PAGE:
In the digital age, cybersecurity has become a critical concern for nations worldwide. Recently, the government of Nepal announced plans to establish a new cyber unit and dissolve the existing body, a move that has drawn criticism from experts in the field. This article delves into the details of the government's decision, the concerns raised by experts, and the broader implications for cybersecurity in Nepal.
The New Budget's Approach to Cybersecurity
Finance Minister Prakash Sharan Mahat, in the government's annual budget announcement, stated that a National Cyber Security Centre would be established to address the cybersecurity needs of the 21st century. The Centre is envisioned as an authorized body for research and development on cybersecurity, its promotion, and digital forensic research. The government also plans to audit the cybersecurity of the electronic systems of the Government of Nepal.
However, the government also announced plans to dissolve the National Information Technology Centre (NITC), which has been working to secure government data for the past two decades. This decision is part of a broader plan to eliminate 20 unnecessary agencies to cut costs.
Cybersecurity experts have criticized the government's approach, arguing that it lacks a clear vision and fails to strengthen existing units like the cyber bureau of Nepal Police. They contend that the need of the hour is an independent entity that can formulate laws and carry out counseling and surveillance works independently.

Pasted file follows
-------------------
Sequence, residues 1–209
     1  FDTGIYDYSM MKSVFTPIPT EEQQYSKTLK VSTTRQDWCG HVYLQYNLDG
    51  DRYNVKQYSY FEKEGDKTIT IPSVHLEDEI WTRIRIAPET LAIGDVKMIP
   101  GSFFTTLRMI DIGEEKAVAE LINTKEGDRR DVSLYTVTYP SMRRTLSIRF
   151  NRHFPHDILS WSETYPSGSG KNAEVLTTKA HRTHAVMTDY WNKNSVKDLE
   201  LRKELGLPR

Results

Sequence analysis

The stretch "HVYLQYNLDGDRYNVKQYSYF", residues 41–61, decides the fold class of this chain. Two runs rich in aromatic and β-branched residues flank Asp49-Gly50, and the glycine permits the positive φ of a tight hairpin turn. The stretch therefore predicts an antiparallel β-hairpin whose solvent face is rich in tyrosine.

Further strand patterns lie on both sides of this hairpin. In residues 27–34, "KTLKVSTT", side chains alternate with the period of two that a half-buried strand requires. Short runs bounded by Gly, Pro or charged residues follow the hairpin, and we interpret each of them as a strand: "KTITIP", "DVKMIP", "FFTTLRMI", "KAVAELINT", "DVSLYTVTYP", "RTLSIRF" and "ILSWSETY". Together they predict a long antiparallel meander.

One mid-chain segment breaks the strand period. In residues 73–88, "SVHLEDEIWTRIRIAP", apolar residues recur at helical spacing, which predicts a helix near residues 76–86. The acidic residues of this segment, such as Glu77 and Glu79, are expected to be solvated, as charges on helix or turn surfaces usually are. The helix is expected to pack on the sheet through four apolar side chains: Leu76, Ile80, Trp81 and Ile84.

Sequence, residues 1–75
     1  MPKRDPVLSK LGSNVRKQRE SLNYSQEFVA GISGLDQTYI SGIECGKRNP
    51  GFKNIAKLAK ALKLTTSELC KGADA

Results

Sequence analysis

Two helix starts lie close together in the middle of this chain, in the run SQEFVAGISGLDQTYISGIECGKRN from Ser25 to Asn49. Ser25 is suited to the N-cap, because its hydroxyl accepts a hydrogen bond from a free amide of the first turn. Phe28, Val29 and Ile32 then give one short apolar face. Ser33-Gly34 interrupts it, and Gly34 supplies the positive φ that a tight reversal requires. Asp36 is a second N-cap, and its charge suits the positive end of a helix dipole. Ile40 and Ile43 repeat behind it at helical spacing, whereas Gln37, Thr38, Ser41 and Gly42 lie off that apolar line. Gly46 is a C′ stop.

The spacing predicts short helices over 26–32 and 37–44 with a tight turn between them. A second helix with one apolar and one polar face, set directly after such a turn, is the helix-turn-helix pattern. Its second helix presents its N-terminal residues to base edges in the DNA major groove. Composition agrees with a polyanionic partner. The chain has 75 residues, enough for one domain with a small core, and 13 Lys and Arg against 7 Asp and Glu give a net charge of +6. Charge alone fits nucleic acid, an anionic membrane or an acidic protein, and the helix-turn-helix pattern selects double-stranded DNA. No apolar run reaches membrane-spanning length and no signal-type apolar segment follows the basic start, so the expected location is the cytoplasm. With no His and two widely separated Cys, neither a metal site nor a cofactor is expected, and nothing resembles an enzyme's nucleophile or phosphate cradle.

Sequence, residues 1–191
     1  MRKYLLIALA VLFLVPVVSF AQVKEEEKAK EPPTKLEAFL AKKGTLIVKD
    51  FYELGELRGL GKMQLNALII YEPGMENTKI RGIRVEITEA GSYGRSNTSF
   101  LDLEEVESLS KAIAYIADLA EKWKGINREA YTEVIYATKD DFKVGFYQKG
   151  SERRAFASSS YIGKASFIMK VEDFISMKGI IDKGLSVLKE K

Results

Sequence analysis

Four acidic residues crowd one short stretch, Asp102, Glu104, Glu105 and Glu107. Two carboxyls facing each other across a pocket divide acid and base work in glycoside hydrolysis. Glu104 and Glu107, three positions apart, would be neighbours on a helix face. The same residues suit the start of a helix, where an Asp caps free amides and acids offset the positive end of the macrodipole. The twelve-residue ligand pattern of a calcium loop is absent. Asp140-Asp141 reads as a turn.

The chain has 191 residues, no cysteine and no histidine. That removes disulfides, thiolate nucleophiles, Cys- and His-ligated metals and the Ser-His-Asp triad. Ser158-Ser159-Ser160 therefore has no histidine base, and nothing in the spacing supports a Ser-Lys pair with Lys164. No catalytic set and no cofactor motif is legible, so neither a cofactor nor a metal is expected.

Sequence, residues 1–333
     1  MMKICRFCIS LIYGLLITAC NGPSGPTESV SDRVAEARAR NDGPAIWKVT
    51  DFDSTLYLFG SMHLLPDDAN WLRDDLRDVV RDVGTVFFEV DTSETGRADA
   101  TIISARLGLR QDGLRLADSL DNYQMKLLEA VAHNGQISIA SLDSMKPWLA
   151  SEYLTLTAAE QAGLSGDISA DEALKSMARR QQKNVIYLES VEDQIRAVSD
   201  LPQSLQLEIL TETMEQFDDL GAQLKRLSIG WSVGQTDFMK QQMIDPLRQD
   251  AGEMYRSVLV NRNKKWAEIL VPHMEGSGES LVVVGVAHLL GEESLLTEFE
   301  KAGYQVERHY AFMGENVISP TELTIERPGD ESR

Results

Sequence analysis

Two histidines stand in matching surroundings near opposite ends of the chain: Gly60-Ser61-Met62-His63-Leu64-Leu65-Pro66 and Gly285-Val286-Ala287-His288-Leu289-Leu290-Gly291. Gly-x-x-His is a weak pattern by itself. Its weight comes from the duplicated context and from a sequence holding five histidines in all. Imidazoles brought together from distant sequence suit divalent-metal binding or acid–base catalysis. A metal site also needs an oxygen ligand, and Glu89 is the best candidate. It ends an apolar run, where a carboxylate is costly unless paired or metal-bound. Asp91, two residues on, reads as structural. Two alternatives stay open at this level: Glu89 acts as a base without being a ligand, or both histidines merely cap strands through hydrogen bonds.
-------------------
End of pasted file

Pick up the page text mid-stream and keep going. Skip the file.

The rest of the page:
The decision to dissolve the NITC has also drawn criticism. Experts argue that the government is dissolving an authentic government data center without proper homework. They point out that significant resources have been invested in developing the NITC as an institution, and its dissolution could lead to a loss of expertise and institutional knowledge.
The Cybersecurity Landscape in Nepal
Cybersecurity is a growing concern in Nepal, with the number of cyber-related complaints registered with the cyber bureau rising steadily. The bureau is currently understaffed and struggling to handle the increasing workload. The bureau's data for the eight months till last April showed that IT-related financial frauds were the most common cybercrimes in the country, followed by revenge porn and fake profiles on social media.
The Way Forward
Experts argue that the government needs to focus on strengthening existing institutions and formulating effective cybersecurity laws. They also stress the importance of consulting with experts before making policy decisions. The formation of a high-level panel to draft a cybersecurity policy is a step in the right direction, but it is yet to come into being.
The government's approach to tackling cybercrimes in the new budget has sparked a significant debate. While the establishment of a National Cyber Security Centre could potentially enhance Nepal's cybersecurity capabilities, experts argue that the government needs to focus on strengthening existing institutions and formulating effective laws. As the digital landscape continues to evolve, it is crucial for the government to adopt a comprehensive and forward-thinking approach to cybersecurity.